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Jewish Film Festival returns for its 26th season

In a still from the film "Nachburn at 422," four children hide behind a pillar.

By A.Jade Munsie

The Edmonton Jewish Film Festival returns for its 26th season of celebrating thought-provoking films central to Jewish culture, ideals, stories, and history. From May 10 to 18, Edmontonians can join the free festival in a mix of online streaming and in-person events. 

“It’s one of the biggest Jewish cultural events that we organize and one of the biggest in Edmonton,” said Susan Schiffman, the Director of Development at the Jewish Federation of Edmonton. 

“Every year, beginning in about July, we start watching films. A smaller group of us watch them first, and then we pass them on to the larger group if we like them. We watch anywhere from 50 to 100 films through the course of the year,” said Schiffman. 

Out of the many films considered for the festival, this year’s event will showcase 11 films from a variety of genres that represent various countries and narratives, short films and documentaries as a way to engage in new conversations and gain insight into a culture.

“We want to create dialogue. We want to provoke thinking, and we want people to learn something. If they’re Jewish, we want them to learn more about their own culture. If they’re not Jewish, we want them to learn something about our culture. We want people to feel welcome and excited, enthusiastic, engaged,” said Schiffman. 

The festival aims to showcase films never-before-shown in Edmonton. However, online streaming has become a challenge to sourcing out new, unseen material. 

“In the old days, that meant a film had never played in a theatre. Then when streaming came along, it also meant it wasn’t generally available on Netflix or HBO or Apple TV…Our goal was to introduce people to movies that they might not have seen and might not see. Theoretically, our films are all first-run premieres, and that’s getting harder and harder,” said Schiffman. 

Landmark Cinema initially hosted the festival. However, with Covid, things changed, and the festival reinvented itself online.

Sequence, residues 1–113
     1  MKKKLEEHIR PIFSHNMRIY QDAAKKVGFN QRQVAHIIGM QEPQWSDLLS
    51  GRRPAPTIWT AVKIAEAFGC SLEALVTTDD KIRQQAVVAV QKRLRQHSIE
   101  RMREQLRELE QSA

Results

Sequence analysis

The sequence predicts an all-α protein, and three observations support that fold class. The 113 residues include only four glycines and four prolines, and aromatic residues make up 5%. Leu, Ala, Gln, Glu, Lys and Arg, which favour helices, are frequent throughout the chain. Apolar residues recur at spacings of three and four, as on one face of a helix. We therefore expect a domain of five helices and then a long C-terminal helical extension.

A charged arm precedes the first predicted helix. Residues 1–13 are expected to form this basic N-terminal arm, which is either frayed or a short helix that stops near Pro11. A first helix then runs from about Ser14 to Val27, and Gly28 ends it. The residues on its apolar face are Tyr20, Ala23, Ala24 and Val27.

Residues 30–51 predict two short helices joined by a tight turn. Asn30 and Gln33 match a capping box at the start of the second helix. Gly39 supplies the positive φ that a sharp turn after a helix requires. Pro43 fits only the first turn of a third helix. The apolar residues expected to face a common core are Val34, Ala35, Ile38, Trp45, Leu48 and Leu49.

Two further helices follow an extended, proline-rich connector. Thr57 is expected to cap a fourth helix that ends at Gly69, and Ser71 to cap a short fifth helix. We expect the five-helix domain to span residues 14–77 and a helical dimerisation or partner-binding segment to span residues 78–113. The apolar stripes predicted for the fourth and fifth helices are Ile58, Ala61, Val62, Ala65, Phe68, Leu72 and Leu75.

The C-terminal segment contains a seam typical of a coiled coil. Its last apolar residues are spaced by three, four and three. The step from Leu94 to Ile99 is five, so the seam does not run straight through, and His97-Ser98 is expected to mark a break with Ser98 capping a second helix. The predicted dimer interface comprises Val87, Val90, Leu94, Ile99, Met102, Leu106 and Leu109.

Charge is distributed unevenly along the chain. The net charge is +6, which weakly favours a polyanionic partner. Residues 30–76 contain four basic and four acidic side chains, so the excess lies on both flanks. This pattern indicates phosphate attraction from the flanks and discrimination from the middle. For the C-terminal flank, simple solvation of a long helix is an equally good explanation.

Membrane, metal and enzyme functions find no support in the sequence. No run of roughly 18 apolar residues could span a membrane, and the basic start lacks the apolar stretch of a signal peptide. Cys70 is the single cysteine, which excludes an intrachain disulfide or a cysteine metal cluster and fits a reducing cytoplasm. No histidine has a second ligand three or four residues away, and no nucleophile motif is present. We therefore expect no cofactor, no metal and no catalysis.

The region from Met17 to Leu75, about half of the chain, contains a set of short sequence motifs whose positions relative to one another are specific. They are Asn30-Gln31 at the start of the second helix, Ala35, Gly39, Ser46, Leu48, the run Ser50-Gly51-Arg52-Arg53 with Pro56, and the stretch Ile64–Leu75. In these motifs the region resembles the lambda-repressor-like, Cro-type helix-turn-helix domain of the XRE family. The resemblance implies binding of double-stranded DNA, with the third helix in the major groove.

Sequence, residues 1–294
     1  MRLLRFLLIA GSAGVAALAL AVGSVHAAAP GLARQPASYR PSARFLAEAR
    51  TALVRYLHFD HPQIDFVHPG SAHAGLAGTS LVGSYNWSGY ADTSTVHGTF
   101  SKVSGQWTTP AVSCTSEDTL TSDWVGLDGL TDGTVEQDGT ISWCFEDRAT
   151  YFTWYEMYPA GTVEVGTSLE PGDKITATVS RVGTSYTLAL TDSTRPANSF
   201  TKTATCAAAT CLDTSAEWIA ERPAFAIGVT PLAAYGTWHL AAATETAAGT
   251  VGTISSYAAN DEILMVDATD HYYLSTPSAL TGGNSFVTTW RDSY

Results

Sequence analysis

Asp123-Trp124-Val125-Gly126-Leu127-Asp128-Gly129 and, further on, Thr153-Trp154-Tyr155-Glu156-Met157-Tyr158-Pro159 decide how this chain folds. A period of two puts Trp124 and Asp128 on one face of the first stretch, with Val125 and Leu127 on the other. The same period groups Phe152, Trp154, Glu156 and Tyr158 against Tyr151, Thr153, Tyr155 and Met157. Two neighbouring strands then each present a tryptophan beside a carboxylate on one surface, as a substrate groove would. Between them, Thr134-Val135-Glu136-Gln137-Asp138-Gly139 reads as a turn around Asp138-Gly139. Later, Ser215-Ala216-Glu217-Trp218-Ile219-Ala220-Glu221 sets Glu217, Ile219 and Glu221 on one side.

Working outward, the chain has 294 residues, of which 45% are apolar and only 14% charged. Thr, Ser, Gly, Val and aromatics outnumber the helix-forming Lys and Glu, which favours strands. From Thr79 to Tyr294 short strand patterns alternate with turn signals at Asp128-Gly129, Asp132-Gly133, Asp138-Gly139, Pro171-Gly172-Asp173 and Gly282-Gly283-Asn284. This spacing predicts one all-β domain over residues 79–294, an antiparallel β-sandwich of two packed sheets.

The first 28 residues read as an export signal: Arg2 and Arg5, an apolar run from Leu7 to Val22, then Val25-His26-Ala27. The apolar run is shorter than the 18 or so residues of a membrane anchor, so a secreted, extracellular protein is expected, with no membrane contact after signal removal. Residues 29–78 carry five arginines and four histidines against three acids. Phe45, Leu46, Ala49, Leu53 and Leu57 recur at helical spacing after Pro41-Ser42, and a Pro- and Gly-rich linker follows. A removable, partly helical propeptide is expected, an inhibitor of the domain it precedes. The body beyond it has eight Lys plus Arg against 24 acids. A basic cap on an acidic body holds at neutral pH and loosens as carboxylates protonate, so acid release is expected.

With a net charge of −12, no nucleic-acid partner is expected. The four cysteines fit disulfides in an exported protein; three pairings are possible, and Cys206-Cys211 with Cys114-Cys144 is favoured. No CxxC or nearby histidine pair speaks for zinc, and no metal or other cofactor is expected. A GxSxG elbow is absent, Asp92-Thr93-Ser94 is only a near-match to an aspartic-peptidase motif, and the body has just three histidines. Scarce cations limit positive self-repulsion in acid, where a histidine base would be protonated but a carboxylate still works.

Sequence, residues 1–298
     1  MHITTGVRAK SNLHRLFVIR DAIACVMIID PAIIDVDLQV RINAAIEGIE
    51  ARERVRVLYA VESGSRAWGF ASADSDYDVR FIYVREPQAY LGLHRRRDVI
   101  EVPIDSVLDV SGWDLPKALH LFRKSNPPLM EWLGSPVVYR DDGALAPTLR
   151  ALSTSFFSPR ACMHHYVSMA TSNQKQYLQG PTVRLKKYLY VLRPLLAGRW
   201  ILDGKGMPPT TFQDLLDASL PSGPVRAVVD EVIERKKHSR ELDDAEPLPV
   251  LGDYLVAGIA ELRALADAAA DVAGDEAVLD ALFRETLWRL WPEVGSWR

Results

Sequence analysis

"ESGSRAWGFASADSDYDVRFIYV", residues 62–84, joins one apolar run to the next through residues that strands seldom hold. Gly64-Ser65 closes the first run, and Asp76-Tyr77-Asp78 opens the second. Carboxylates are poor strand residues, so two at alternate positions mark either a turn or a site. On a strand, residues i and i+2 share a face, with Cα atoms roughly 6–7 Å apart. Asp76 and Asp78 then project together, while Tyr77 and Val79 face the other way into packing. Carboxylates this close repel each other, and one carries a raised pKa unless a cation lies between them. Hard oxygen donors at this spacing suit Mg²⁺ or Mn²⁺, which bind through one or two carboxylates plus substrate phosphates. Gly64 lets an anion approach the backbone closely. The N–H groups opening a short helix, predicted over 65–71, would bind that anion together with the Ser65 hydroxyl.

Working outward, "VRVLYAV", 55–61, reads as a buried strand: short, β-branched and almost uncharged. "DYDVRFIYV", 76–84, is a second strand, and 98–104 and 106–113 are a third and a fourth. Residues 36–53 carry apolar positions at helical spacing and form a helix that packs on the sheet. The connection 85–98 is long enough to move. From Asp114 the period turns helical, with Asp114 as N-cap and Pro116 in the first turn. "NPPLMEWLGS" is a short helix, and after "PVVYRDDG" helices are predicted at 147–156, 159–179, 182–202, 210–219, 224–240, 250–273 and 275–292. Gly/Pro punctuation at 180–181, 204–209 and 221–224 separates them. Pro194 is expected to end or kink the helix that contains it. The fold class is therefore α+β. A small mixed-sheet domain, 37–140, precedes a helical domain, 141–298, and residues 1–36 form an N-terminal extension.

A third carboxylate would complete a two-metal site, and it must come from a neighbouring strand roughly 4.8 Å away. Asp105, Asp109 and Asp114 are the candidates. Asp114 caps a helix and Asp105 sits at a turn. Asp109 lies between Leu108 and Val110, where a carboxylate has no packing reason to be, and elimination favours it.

“We made the festival free of charge, and it was really, really successful. And we got interest from all over–all over the country, the US and then lots of people in Edmonton who hadn’t ever come to the festival before,” said Schiffman. 

A yong woman in alternative clothing sits with an older man in a cafe. They are both holding cups of coffee.
A still from Tiger Within, one of the films being shown at the festival. Casey, a teenager from a broken home, speaks with Samuel, an elderly holocaust survivor.

This year, the festival welcomes back an in-person aspect for those who want to get out and enjoy the event with other movie lovers. Stanley A. Milner library downtown will host two films in person: the historical-fiction work “Neighbours” (May 10) and the documentary “Fiddler’s Journey to the Big Screen” (May 15). 

After screenings, select films will have Zoom discussions with filmmakers and actors. The free festival pass includes access to all events.  

The festival is organized by the Jewish Federation of Edmonton, with sponsorship from Global Edmonton, Edmonton Community Foundation, and Israel’s Consulate. For full access to all eleven films, online and in-person, the public can register for their free virtual pass and tickets to in-person events on the Jewish Federation of Edmonton website. 

COVER PHOTO: A still from Neighbors, one of the films being shown at the festival.

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